I rode in the Krempels King of the Road Challenge on Saturday morning. It was easily one of the most fun things I’ve ever done on a bike. You need to be a part of this event next year.
I signed up for the 100k route, which in a normal year I would not find particularly intimidating, but having such a weak mileage base I was cautious. I leaned heavily on the memory of the ride to Warner two weeks ago, and how food played such a pivotal role in how I felt that day. It was time to crack open the cookbook. No more fucking around. The night before, I took the balance of the sushi rice we didn’t eat for dinner, and whipped up some race cakes. Tomorrow was going to be a little experiment. Let’s see if this stuff really works.
I didn’t have any peanuts, but I worked with the chocolate/peanut recipe, substituting some lightly salted almonds we bought at Trader Joe’s a few weeks ago. I can’t believe I’ve never made rice cakes before. Even a complete idiot like me can put these together with minimal effort. Cooked rice, chocolate chips, the almonds (I smashed them up a bit), some shredded coconut I keep in the freezer for who knows what. A bit of molasses because the mixture was a little dry. I forgot the salt, but figured I’d be covered with salt content of the almonds. Mix it up. Into a pan. Compress it a little. Cut into pieces. Wrap. There’s your ammunition. There was good stuff in these things. I had a really good feeling.
Morning of, I woke up and had a fluffernutter and a coffee. You won’t find fluffernutter in the Skratch Labs cookbook and I don’t really care. It’s about all I had time to put together, and it has worked really well for me over the past few months. Packed my jersey with a payload of rice cakes. No gels, no bars, no beans, no waffles, no gummies, no nothing. Just the cakes. We were going to do this on nothing but the food we made, and our venerable Secret Drink Mix. Or crack trying.
The Krempels ride was surreal. You’re in a small mob of riders, consuming an entire lane of traffic behind a moto leading the way on largely quiet country backroads. Ted King and Tim Duggan are on the front, and I’m surrounded by people I know that not only ride more than I do, but ride a hell of a lot faster. I am waiting for the bomb to drop. The tempo out of the gate is easy, but deliberate. I’m right on the wheel of a few riders who I don’t know, but are clearly pros. When will the party be over. This is kind of interesting – being right there with these guys – but they’re going to ramp it up sooner or later. When will I get leveled. When I do, when will the death march begin. Who will I be with when that happens. How far behind will I end up finishing.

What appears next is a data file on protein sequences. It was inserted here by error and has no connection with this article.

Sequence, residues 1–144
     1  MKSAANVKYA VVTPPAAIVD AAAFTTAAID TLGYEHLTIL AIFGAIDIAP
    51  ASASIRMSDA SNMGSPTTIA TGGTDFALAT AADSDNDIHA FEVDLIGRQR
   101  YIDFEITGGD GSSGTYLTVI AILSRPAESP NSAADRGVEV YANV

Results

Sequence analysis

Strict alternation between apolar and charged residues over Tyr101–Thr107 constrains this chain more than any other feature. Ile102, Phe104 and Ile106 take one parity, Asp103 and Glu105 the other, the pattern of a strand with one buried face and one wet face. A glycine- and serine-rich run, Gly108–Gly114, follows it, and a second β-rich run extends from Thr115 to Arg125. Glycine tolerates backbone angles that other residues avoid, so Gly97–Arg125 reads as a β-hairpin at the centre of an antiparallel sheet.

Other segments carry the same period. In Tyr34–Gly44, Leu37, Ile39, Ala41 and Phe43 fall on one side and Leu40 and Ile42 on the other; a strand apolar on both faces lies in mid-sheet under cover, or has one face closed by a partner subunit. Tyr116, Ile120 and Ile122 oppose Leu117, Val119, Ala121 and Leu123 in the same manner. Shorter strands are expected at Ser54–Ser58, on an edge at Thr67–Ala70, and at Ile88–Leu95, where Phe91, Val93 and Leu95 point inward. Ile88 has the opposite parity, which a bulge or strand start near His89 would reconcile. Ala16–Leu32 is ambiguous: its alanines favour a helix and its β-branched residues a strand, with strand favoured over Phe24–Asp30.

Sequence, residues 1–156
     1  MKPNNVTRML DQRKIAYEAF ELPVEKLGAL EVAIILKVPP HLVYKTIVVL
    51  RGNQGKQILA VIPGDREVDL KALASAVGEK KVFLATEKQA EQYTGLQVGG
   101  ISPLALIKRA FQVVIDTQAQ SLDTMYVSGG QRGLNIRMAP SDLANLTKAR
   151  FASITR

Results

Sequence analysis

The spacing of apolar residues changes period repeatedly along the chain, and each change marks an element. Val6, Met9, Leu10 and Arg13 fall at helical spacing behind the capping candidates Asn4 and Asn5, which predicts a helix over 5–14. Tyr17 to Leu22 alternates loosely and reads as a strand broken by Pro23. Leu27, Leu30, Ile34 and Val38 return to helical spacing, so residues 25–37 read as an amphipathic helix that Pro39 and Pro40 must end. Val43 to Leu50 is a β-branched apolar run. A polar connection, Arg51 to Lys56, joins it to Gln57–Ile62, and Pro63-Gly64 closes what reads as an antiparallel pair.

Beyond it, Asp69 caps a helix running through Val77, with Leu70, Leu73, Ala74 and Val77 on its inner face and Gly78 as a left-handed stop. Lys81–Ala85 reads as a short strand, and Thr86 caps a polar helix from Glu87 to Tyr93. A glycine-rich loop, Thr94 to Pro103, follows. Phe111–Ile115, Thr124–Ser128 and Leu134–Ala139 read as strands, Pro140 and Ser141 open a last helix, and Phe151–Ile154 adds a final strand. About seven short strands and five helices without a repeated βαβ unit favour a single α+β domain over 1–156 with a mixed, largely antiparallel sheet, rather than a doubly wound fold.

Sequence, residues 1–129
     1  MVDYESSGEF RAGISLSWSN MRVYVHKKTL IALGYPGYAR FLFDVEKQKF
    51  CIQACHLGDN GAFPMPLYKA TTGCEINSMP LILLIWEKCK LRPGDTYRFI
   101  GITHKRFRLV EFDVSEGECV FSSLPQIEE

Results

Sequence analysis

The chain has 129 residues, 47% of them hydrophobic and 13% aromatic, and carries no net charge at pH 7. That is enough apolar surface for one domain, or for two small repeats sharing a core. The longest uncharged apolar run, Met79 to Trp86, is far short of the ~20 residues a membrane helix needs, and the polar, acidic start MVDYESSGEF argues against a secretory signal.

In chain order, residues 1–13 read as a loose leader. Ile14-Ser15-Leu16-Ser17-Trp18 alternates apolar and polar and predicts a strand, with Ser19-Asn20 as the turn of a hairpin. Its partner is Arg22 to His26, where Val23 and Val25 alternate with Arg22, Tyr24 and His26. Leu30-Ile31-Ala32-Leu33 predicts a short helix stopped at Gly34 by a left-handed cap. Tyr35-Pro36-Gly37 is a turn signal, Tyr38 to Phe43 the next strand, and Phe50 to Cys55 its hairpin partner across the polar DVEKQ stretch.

Never, ever mattered. And that’s why this ride was so awesome.
Ted holds the whole thing together the entire time. We’re making a pretty good pace, but the pressure is absolutely zero. I feel this swell of encouragement. I’m actually able to ride and socialize with people I only ever get to see from the other side of a computer screen. It is fun as hell. And I decide to really start working. I spend a lot of time near the front, putting in big efforts. Big for me; nothing for these guys. I’m motivated by this lurking thought that the bottom could still drop out. I ride in the front in kind of a self-preservation mode. I’ve never done this ride before, and have only seen a few miles of these roads. So I revert to the old “stay at the front, stay out of trouble” strategy. It works in other group rides, so I apply it here.
My legs are telling me I’m working. Strava confirms this. On Durham Point Road, where I remember driving hard off the front on roller after roller, I’m making 800-1200w efforts. This is concerning because while I ate at the first stop after an hour and felt awesome afterward, we rolled through the second stop. The rice cakes are wrapped a little too well to be opened while riding in the pack. So the middle third of the ride, when I’m really putting in some work, I’m under-fueled. And I can kind of feel it. Knowing SDM has some caloric value, I drink in earnest. Ideally that will get me to the third and final scheduled stop where I can fill my face.
Also I start to remember that this is a charity ride, and I start to curb my enthusiasm a little. But I’m too excited. I never get out like this. And never with a group like this. So I keep flogging these legs anyway, sitting up every now and then when I start to feel like a jerk. But it’s so hard because I know everyone behind me is stronger than I am, and my “working hard” is probably their “casual pace”. I still don’t care. I’m just happy to be alive today.